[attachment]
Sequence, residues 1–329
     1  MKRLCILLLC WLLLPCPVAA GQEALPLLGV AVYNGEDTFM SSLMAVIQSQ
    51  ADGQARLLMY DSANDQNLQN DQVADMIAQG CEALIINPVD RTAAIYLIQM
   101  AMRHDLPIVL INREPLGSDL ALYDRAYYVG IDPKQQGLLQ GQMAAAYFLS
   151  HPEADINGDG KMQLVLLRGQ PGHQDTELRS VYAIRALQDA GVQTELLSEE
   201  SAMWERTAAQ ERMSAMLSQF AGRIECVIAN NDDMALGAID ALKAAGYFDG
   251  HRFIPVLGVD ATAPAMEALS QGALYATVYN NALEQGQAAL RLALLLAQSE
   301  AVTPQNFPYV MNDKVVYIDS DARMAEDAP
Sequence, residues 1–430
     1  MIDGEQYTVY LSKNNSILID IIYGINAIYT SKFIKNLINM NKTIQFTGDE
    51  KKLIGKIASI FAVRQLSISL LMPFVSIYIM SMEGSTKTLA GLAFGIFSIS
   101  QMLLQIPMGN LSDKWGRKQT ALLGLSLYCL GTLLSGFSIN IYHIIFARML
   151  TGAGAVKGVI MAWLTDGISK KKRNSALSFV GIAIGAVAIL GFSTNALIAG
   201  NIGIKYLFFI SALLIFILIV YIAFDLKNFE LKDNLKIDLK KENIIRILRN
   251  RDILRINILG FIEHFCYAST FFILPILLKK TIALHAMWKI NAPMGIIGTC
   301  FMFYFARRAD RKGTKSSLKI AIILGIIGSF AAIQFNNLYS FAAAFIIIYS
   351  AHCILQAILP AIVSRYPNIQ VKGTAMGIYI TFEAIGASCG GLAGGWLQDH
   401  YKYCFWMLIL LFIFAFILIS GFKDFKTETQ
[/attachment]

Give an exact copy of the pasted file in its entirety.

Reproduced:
Sequence, residues 1–329
     1  MKRLCILLLC WLLLPCPVAA GQEALPLLGV AVYNGEDTFM SSLMAVIQSQ
    51  ADGQARLLMY DSANDQNLQN DQVADMIAQG CEALIINPVD RTAAIYLIQM
   101  AMRHDLPIVL INREPLGSDL ALYDRAYYVG IDPKQQGLLQ GQMAAAYFLS
   151  HPEADINGDG KMQLVLLRGQ PGHQDTELRS VYAIRALQDA GVQTELLSEE
   201  SAMWERTAAQ ERMSAMLSQF AGRIECVIAN NDDMALGAID ALKAAGYFDG
   251  HRFIPVLGVD ATAPAMEALS QGALYATVYN NALEQGQAAL RLALLLAQSE
   301  AVTPQNFPYV MNDKVVYIDS DARMAEDAP
Sequence, residues 1–430
     1  MIDGEQYTVY LSKNNSILID IIYGINAIYT SKFIKNLINM NKTIQFTGDE
    51  KKLIGKIASI FAVRQLSISL LMPFVSIYIM SMEGSTKTLA GLAFGIFSIS
   101  QMLLQIPMGN LSDKWGRKQT ALLGLSLYCL GTLLSGFSIN IYHIIFARML
   151  TGAGAVKGVI MAWLTDGISK KKRNSALSFV GIAIGAVAIL GFSTNALIAG
   201  NIGIKYLFFI SALLIFILIV YIAFDLKNFE LKDNLKIDLK KENIIRILRN
   251  RDILRINILG FIEHFCYAST FFILPILLKK TIALHAMWKI NAPMGIIGTC
   301  FMFYFARRAD RKGTKSSLKI AIILGIIGSF AAIQFNNLYS FAAAFIIIYS
   351  AHCILQAILP AIVSRYPNIQ VKGTAMGIYI TFEAIGASCG GLAGGWLQDH
   401  YKYCFWMLIL LFIFAFILIS GFKDFKTETQ